The World Health Assembly (WHA) is the governing body of WHO, and it meets every year in May in Geneva. At last year’s 70th WHA, 194 governments from around the world came together and resoundingly passed the Resolution Agenda Item 15.6 (WHA70.12), known as the ‘Cancer Resolution’. The resolution states in no uncertain terms that cancer prevention and control is a significant and growing public health concern requiring attention, investment and prioritisation by governments and international organisations at the national and global level.6 This Cancer Resolution is a milestone achievement because until now cancer has not been either high or visible on the global health agenda. Therefore, we must harness this opportunity and act through united global, national and local efforts to assure its implementation. One of the resolution’s main goals is timely access to cancer treatment and care for all, upholding the 1948 United Nations Universal Declaration on Human Rights, which states that everyone has the basic right to medical care to assure the health and well-being of themselves and their families.7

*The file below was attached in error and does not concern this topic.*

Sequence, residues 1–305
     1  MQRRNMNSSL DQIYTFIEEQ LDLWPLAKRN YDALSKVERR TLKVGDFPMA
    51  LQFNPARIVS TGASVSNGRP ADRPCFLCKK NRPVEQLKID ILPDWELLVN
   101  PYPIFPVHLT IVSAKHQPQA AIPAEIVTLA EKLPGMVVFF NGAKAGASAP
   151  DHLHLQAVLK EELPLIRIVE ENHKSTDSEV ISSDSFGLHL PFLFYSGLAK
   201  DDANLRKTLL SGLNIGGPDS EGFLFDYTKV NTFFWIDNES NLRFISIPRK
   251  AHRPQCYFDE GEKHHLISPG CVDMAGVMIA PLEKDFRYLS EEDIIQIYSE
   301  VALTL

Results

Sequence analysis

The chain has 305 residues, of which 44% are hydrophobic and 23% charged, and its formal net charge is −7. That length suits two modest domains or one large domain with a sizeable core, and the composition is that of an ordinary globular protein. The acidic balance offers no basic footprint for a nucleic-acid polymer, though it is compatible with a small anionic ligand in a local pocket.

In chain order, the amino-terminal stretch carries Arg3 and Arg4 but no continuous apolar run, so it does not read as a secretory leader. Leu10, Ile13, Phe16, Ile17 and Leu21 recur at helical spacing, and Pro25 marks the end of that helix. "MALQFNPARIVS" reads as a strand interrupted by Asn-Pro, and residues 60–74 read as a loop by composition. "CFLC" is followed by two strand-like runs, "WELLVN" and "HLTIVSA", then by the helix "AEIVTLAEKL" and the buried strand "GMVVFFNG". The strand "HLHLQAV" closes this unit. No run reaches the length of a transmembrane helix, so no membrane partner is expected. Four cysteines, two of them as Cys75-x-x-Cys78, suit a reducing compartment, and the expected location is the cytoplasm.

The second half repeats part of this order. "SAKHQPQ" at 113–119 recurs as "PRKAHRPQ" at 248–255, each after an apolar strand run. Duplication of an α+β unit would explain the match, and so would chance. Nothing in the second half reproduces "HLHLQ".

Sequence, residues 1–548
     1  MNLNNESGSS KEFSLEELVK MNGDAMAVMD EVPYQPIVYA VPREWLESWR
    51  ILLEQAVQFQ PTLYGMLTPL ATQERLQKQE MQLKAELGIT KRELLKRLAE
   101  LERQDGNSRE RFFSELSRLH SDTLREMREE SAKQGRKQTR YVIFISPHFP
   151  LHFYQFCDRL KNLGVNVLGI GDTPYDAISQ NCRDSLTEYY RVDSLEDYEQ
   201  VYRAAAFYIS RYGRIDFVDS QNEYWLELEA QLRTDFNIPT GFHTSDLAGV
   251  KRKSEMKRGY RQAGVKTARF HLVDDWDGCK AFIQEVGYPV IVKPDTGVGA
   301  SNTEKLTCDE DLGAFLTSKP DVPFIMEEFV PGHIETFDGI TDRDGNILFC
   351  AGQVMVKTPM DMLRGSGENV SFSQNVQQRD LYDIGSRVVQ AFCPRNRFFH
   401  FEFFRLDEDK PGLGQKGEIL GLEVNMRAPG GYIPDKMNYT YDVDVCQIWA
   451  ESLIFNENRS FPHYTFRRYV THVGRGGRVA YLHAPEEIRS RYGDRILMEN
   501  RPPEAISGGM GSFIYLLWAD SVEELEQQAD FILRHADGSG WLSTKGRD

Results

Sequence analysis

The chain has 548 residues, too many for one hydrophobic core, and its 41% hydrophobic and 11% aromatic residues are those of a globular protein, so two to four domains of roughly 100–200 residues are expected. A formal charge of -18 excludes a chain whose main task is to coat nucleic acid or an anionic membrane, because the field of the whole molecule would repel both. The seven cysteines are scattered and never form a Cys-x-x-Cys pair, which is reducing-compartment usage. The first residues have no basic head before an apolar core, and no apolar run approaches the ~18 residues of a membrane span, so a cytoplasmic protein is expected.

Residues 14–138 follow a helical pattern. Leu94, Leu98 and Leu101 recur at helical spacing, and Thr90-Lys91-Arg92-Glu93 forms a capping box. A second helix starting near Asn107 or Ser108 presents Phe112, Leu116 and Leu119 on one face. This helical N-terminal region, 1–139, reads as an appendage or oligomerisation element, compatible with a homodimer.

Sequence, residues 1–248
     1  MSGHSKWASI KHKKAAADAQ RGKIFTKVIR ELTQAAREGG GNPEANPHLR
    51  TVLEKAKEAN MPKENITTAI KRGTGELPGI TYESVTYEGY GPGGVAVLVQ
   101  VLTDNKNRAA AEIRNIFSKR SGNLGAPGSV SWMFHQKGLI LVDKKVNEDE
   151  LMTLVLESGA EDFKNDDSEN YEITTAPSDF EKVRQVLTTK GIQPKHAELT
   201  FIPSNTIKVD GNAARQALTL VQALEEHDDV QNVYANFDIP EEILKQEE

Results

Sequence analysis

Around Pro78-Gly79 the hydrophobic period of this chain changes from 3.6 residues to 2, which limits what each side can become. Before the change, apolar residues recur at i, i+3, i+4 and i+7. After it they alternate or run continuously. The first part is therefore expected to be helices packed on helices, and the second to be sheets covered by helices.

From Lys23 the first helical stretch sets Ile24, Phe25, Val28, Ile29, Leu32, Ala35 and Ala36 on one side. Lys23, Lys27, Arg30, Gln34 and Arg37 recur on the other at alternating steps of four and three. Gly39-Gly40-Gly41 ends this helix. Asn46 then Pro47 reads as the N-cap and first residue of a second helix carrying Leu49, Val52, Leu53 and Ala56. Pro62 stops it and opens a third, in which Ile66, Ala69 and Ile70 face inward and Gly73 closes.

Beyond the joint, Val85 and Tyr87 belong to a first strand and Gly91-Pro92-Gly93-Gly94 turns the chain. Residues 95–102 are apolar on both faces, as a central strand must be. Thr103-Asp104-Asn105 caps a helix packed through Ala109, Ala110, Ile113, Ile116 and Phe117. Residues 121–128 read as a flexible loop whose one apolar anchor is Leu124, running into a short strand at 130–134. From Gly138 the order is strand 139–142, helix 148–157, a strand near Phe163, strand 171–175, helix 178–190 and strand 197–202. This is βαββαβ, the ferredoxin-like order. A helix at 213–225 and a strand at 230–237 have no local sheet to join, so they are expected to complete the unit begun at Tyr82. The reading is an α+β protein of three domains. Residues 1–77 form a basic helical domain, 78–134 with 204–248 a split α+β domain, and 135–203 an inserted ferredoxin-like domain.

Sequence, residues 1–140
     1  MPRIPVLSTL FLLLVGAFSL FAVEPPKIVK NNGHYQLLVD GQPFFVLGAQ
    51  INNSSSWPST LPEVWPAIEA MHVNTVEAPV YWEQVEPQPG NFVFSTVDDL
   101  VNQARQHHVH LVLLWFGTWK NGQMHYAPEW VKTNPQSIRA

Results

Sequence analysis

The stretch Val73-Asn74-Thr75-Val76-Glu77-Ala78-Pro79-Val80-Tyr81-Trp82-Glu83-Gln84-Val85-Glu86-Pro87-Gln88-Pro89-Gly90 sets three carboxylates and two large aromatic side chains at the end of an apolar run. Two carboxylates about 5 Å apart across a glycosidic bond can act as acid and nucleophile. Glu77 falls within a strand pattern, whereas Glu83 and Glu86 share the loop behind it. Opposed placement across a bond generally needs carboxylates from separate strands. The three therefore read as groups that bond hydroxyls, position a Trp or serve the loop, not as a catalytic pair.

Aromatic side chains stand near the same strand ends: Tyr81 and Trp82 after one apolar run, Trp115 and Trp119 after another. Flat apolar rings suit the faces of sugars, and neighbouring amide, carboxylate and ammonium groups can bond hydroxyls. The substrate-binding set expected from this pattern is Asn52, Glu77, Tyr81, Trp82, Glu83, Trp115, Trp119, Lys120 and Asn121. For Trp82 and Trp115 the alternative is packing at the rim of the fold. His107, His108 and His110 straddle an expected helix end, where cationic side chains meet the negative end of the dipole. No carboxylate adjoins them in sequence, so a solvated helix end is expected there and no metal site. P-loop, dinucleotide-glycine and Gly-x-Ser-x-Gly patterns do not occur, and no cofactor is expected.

Addressing the growing cancer burden as a public health priority is challenging. Cancer is a not a single disease but rather a multitude of diseases. Many cancers are heterogenous in their characteristics, with hundreds of histological and biological subtypes. It requires specific diagnostic and therapeutic strategies, and a qualified workforce to implement them, coupled with the imperative need of coordinated multidisciplinary patient care. Additionally, while cancer programmes can build on the progress made within the global NCD agenda, there are specificities in cancer prevention and control that require particular attention. For example, cancer is not only an NCD, but also a ‘communicable’ disease. Up to 25% of cancers in LMICs can be attributed to communicable diseases such as hepatitis B and C (hepatocellular carcinoma), human papilloma virus (HPV) (cervical cancer) and parasitic infections, such as liver flukes and schistosomiasis (biliary and bladder cancers).8 To address hepatitis B and HPV through the implementation of nationwide vaccination programmes requires synergies across disciplines.